Rondell White isn't significantly different from the guys that surround him on this list. He does do one thing very well: he takes a very good angle getting to the ball in the left-center field gap. White has lost a great deal of raw foot speed in the past couple of years. I haven't been to Montreal in person and walked on the carpet, but I wonder and worry about what it might be doing to Vladimir Guerrero's knees.
8. B.J. Surhoff, Atlanta. RF%: 93, ZR%: 48
The Paul O'Neill of the other side of the grass. B.J. Surhoff is so steady he's dull, which is a good thing in defenders. He has great balance and surprising speed. I went back to check some tape, and he runs amazingly well considering his age and history behind the plate. Surhoff doesn't go back on balls particularly well, but in our current crop of left fielders, that's hardly a mortal sin.
9. Barry Bonds, San Francisco. RF%: 48, ZR%: 45
Tim Raines is to Rickey Henderson as Rickey Henderson is to Barry Bonds. Bonds, despite his advanced age, is still a tremendous defender. His technique has greatly improved from 1998 and I don't think that's by accident. He anticipates balls and baserunner moves very well. As he approaches a ball in the left-center field gap, he shortens his stride and prepares to make a throw if necessary--something he distinctly did not do well earlier in his career. Bonds may be the smartest ballplayer ever to play the game, and it definitely shows in his positioning in the field.
10. Ray Lankford, St. Louis. RF%: 21, ZR%: 93
I'm reaching here. Ray Lankford looked awful to my eyes--he's clearly not playing at anywhere near full health. His mind is still convinced that his speed is normal, and he ends up cutting too sharp of an angle on line drives. Still, his technique is great, his first step is still fast and the rest of the left fielders in baseball right now are pretty much there for their bats. It was either him or Ron Gant, but I'm giving the nod to Lankford because if he's healthy, he's better.
1. Ben Grieve, Oakland. RF%: 21%, ZR%: 26
Ben Grieve is a very fine hitter. Yes, his walk rate is down and that's worrisome, and yes, his groundball tendencies are about as welcome to an offense as Stomp showing up at a migraine clinic. But he's still a fine hitter with a lot of potential. Maybe.
Anyway...Grieve is every bit as bad as you've heard defensively. Only the presence of the injured Wil Cordero and Moises Alou keep him from dropping even further in raw RF and ZR. Grieve has no speed, a bad break, a very slow release of the ball and a tremendously weak arm. Oakland can crank out hitters, but how many guys can eventually end up at first base and DH? Terrence Long could be the second coming of the Most Holy Defender in center field and he still couldn't cover the gap left by Grieve. The gasp at the Coliseum when a ball heads towards left field is audible.
2. Wil Cordero, Cleveland. RF%: 0, ZR%: 86
He plays defense like he's on a cell phone complaining about his Vicodin dosage being too low. For you stats buffs, Wil Cordero's Range Factor is 2.3 standard deviations below the mean. And to my eyes, that overrates him.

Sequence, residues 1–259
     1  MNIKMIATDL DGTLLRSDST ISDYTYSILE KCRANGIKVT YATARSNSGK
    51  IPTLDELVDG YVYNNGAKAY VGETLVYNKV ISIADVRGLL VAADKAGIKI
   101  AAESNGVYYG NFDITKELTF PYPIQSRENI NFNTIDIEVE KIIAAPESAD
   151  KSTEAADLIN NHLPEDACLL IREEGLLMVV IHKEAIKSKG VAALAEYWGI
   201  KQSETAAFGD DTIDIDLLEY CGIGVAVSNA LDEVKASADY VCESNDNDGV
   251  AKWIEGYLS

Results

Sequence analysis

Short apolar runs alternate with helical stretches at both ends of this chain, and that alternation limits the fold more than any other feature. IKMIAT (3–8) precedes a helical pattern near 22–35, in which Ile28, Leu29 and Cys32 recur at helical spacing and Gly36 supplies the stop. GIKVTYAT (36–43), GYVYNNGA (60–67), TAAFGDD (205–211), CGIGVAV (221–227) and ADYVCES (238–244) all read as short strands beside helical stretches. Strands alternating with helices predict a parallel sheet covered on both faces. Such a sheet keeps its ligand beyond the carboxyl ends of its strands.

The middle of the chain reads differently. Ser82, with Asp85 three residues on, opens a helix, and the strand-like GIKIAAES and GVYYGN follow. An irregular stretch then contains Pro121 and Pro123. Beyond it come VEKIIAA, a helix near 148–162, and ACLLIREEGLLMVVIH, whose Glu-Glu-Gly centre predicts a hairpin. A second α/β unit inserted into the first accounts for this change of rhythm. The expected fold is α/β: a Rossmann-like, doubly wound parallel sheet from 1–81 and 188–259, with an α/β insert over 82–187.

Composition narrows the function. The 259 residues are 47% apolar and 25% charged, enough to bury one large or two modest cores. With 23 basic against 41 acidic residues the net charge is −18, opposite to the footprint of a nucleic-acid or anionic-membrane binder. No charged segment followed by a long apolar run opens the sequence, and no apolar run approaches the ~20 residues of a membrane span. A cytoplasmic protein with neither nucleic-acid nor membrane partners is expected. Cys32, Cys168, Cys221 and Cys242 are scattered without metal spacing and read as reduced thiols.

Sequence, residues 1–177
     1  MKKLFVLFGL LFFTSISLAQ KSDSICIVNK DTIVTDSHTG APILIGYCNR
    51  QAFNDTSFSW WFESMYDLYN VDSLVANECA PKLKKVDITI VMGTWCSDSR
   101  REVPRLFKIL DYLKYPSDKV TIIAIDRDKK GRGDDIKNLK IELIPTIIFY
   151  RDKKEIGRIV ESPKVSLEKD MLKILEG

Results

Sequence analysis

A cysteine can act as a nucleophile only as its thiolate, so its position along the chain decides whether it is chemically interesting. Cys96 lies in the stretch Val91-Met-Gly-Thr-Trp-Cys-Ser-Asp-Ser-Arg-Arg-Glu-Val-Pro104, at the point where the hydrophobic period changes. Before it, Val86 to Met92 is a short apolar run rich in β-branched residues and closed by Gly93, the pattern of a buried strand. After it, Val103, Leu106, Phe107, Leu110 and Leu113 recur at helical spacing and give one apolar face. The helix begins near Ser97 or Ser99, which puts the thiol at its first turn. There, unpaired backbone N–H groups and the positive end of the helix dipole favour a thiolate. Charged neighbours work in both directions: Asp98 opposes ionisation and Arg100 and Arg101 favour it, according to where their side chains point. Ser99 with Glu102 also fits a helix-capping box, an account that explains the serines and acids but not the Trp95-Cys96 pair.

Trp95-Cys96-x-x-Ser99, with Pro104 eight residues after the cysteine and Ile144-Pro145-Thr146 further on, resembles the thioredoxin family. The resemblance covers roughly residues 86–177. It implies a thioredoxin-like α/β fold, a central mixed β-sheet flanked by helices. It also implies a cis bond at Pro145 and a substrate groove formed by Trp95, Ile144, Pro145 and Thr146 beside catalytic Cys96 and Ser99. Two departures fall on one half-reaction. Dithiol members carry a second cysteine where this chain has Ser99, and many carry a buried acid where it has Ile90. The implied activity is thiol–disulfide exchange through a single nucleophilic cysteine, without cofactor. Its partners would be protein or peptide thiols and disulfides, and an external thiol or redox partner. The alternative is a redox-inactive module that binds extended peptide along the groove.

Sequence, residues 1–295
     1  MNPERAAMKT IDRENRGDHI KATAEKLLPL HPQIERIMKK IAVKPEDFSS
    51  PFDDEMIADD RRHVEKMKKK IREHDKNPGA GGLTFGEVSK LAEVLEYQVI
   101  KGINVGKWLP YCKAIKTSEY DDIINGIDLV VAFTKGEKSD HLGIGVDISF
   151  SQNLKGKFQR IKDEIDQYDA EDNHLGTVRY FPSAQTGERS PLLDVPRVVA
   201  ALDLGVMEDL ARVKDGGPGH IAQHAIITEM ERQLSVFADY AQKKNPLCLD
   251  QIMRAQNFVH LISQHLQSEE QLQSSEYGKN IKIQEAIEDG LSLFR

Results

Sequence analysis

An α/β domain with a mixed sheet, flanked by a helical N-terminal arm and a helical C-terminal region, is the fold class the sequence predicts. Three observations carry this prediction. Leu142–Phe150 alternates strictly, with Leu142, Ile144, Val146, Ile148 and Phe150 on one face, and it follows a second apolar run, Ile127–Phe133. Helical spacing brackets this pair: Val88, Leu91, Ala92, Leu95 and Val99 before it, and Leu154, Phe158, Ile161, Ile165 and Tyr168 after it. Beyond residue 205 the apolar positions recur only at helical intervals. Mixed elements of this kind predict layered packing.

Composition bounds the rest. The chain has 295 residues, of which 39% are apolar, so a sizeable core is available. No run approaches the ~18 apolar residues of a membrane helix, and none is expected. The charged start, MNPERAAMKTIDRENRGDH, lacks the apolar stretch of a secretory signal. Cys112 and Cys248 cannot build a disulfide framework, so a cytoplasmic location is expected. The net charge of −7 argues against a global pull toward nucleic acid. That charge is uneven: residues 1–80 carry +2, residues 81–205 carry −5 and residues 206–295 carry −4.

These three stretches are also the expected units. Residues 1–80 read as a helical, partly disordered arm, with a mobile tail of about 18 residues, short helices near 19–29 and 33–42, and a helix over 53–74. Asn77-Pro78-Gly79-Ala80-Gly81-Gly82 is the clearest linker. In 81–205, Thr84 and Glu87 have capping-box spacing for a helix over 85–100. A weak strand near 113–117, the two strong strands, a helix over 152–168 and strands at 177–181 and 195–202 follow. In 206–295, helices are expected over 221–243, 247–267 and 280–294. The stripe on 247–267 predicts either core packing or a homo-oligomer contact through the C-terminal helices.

3. Moises Alou, Houston. RF%: 10, ZR%: 0
Moises Alou is just back off another injury, so I expect him to return towards the middle of the pack soon enough. He seems to be running in pain. When he's chasing after a ball, he looks like he's favoring something, and visually, he's reminscent of Michael Johnson's running style but without the speed--very upright and almost awkward. I don't know what's wrong with him physically, but I do expect him to improve throughout the rest of the season and into the future.
4. Henry Rodriguez, Florida. RF%: 17%, ZR%: 28%
Henry Rodriguez has a very slow initial move and lacks the speed to make up for it during the flight of the ball. When he does move, he takes the dreaded phantom step: picking his foot up then putting it back down in the same place before actually taking off. If you get a chance to see him play defense for a few games, check out how often the director of the broadcast can switch cameras to him before he starts moving. That's not good.
5. Dmitri Young, Cincinnati. RF%: 24, ZR%: 34
OK, so Ken Griffey gets better on defense, then goes to an artificial surface between Dante Bichette and this guy? Dmitri Young is a big dude, takes a while to get moving, isn't graceful and doesn't have good technique, but he certainly works hard out there. I'm not sure the outfield fence at Cinergy Field would keep Young in the park if he hit it. He actually gets up a pretty good head of steam; he could probably Rodney McCray through rebar. Unfortunately, he usually puts that momentum on an angle about 10 degrees off the one he needs to take. If you're Barry Larkin, make sure you're listening on the shallow popups.
If you have any comments, questions, or suggestions, please e-mail me at email@example.com. Due to time constraints, I will not able to personally respond to most e-mails, but know that every one of them is read and given thought. Thanks for reading.
Gary Huckabay can be reached at firstname.lastname@example.org.